Bulletin for December 26, 2010

Jesus said he is the Comforter, the Consolation, the Advocate, and he would send another Comforter, the Holy Spirit. The Spirit will comfort, help, intercede and guide us while we wait for the return of our Consolation.

This service is modeled after Rev. Danny Hyde’s article, “What Child is This?” in Reformed Worship magazine Issue 93.

Entering into Worship

• Call to Worship Psalm 98:1-9
• Invocation Psalm 124:8
• Salutation Revelation 1:4-6
• Opening Prayer
• Song of Praise Sing a New Song to Jehovah #190:1-3

Confession of Sin

Reading of the Law Matthew 22:34-40

General Confession: Lord God, eternal and almighty Father: We acknowledge before your holy majesty that we are poor sinners, conceived and born in guilt and in corruption, prone to do evil, unable of our own power to do good. Because of our sin, we endlessly violate your holy commandments. But, O Lord, with heartfelt sorrow we repent and turn away from all our offenses. We condemn ourselves and our evil ways, with true sorrow asking that your grace will relieve our distress. Have compassion on us, most gracious God, Father of mercies, for the sake of your son Jesus Christ our Lord. And in removing our guilt, also grant us daily increase of the grace of your Holy Spirit, and produce in us the fruits of holiness and of righteousness pleasing in your sight: Through Jesus Christ our Lord. Amen. (from 1543 Geneva liturgy)

Assurance of Pardon Isaiah 40:1-5

Response of Gratitude


Congregational Prayer

Service of Scriptures and Songs

The Old Testament Prophecies of the Coming of Christ

After the dawn of human history, in the Garden of Eden, God created the man Adam, his wife Eve and all their posterity in his image, with true holiness and righteousness, “that [they] might rightly know God [their] Creator, heartily love him, and live with him in eternal blessedness” (Heidelberg Catechism Q&A 6).

Beginning with Adam and Eve, God always established his relationship with man through covenants. But the very first human parents broke this covenant relationship with God they willfully disobeyed the covenant of works when the ancient serpent deceived them into eating of the forbidden tree. Thus the Lord God came to judge Adam and Eve and cursed the serpent for plunging the whole human race into slavery to sin and death.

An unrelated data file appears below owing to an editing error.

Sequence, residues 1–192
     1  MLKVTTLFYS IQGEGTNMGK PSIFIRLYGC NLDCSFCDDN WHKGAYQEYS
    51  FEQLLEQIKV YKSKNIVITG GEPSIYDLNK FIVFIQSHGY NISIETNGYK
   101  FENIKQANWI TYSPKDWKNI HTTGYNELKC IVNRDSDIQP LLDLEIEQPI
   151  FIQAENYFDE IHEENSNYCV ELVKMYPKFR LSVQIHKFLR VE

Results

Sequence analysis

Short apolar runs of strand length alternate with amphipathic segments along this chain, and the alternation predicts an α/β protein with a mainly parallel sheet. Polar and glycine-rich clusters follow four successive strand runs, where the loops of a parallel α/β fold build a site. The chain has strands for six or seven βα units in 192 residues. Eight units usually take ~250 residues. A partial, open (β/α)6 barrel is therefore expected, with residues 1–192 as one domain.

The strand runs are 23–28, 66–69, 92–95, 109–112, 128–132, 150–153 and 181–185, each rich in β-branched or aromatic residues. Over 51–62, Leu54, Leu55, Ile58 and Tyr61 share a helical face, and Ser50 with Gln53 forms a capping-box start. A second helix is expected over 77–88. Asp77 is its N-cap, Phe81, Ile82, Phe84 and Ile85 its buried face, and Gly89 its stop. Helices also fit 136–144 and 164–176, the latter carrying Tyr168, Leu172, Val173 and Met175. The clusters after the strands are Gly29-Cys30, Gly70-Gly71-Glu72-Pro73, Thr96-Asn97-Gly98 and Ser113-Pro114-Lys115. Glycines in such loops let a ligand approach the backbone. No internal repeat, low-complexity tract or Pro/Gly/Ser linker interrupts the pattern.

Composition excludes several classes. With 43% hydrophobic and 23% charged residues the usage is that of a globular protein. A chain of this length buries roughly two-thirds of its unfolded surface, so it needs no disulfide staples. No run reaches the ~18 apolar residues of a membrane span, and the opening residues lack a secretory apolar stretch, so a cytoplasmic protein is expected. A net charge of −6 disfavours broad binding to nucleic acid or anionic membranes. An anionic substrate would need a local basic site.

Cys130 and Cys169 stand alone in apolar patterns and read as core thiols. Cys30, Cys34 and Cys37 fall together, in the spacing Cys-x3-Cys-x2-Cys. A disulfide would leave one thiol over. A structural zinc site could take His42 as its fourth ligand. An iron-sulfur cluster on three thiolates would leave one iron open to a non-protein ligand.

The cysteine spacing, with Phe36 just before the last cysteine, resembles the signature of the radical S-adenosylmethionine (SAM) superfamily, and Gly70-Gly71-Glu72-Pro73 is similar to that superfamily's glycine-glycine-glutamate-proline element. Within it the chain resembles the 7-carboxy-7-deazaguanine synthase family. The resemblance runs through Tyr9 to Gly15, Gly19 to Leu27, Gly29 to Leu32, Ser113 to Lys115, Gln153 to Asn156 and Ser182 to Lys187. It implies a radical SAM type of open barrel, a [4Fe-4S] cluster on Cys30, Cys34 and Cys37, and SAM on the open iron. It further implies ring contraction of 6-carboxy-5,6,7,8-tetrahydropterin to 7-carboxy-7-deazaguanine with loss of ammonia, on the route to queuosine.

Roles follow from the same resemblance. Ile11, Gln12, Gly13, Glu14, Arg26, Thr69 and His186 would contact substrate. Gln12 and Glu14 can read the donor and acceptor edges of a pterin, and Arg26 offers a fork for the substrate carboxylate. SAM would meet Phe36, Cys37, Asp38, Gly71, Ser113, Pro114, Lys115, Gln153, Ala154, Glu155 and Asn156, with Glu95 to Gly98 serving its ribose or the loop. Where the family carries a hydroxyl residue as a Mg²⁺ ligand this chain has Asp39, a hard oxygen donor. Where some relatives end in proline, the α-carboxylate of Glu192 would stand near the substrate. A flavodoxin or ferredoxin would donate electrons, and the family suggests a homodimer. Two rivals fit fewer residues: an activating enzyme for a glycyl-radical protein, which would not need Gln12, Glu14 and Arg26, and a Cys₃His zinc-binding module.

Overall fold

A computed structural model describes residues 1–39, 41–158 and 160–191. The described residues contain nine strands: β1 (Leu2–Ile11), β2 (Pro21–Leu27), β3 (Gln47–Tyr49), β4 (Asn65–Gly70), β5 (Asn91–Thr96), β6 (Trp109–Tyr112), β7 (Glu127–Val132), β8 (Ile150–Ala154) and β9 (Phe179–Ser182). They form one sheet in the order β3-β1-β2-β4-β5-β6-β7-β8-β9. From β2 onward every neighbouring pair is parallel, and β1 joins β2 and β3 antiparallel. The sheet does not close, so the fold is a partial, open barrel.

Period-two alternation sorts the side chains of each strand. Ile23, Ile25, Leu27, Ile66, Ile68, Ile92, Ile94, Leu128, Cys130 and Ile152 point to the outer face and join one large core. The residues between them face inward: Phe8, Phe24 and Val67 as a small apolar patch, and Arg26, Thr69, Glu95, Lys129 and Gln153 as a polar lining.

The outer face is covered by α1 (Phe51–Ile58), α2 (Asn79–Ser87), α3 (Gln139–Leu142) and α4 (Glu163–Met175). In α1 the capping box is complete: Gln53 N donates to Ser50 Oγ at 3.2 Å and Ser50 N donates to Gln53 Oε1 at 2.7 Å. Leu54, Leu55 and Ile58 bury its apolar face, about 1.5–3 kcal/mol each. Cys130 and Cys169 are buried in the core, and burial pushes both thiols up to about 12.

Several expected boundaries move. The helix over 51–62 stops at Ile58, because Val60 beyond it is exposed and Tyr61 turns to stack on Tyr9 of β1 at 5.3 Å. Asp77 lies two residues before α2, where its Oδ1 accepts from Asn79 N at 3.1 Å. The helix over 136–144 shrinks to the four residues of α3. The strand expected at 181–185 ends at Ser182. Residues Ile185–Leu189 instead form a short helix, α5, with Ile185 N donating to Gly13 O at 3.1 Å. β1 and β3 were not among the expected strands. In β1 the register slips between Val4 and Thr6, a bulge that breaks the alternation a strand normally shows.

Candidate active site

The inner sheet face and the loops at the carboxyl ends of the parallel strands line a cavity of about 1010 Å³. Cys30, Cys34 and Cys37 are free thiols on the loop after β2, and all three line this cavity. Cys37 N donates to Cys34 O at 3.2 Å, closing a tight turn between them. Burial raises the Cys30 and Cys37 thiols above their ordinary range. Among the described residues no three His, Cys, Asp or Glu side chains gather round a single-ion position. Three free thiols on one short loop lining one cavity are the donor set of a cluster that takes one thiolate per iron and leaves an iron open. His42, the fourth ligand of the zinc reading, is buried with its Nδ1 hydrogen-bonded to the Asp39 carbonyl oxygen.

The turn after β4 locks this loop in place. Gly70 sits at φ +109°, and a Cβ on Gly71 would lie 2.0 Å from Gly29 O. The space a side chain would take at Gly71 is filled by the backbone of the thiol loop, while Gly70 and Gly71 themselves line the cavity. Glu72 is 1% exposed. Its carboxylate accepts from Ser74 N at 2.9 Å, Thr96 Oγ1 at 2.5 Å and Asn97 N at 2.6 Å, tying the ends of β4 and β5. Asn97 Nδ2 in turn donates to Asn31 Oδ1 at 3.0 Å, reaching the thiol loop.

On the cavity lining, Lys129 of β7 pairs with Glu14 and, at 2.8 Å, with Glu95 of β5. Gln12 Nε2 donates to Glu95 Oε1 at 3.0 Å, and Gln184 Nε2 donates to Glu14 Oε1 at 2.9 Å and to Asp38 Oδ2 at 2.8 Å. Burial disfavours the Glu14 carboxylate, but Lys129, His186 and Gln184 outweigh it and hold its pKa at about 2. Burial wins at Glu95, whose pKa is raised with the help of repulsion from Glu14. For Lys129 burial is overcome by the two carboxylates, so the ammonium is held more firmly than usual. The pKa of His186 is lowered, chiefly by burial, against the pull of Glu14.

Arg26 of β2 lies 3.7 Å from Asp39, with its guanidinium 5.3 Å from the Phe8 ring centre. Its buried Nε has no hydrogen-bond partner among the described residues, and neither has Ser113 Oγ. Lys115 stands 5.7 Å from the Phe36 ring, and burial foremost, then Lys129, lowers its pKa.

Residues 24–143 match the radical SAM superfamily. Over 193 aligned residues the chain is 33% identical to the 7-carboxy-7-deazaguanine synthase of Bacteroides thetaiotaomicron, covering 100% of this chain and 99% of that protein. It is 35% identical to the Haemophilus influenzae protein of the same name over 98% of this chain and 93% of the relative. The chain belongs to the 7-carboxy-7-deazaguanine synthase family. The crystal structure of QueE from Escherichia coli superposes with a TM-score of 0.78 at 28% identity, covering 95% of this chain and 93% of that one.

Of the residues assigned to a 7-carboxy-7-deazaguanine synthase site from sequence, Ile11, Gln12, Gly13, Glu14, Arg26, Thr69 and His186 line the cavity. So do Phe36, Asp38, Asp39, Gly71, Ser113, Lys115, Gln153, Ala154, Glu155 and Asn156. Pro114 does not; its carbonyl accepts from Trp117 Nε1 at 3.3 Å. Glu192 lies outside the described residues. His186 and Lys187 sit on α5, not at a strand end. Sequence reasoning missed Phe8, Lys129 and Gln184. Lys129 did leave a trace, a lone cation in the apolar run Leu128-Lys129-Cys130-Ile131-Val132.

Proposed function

Yet in the midst of this dark and ominous event in Paradise, we hear the first news of Christmas: from the woman would come a Seed whose heel would be bruised by the serpent, but in turn would crush the serpent’s head. What did God mean by “bruise his heel”?

First Lesson Man’s Fall, God’s Grace Genesis 3:8-15; 17:3-12
Song “The Lord Our God in Mercy Spoke”

Throughout the ages, God unfolded his plan for redeeming man from sin and death. The promised Seed of the woman, cut off with Abel’s death, continued through Seth, was saved from the flood by Noah’s ark, and multiplied again through Shem, one of Noah’s three sons. Centuries later, God was pleased to covenant with Abram, one of Shem’s descendants, to bring the promised Seed of the woman,who would bless not only Abram’s family for generations to come, but all the families of the earth.

After receiving God’s steadfast love for generation after generation, Abraham’s descendants—God’s chosen family—rebelled like their first father Adam. Jacob’s sons sold their brother into slavery, yet the Lord used Joseph to preserve Israel from famine in Egypt. For 400 years, Jacob’s descendants were slaves in Egypt, before God called Moses to display signs and wonders to lead the people out of Egypt. Stuck between the Red Sea and Pharaoh’s chariots, they again forgot the Lord’s mighty arm, yet in power and grace God caused the sea to part, enabling Israel to pass through on dry ground while destroying Pharaoh’s armies in the sea.

After covenanting with his chosen nation Israel at Mount Sinai, the people started their pilgrimage to the Promised Land. But in the wilderness, the people repeatedly rebelled against their covenant Lord. They built a golden calf to worship it, yet the Lord forgave their sin. They repeatedly grumbled about not having bread, water, or meat, yet the Lord sent them manna from heaven, water from a rock, and more quail than they could eat. The spies did not believe the Lord’s promise that he would give the land to them in spite of its powerful inhabitants and well-fortified cities, yet he later led them in, through Joshua, to destroy their ungodly enemies and settle in the land.

After God settled them in the land, generation after generation again rebelled against God’s covenant resulting in oppression by their enemies, yet the Lord’s mercy was so great that he always delivered them. Finally, in the 7th and 6th centuries B.C., the northern kingdom was conquered by the Assyrians and the southern kingdom by the Babylonians, resulting in the destruction of Jerusalem and the Temple and in slavish exile in foreign lands. Again the Lord promised that he would save them again—this time by coming to his people as a child born of a virgin.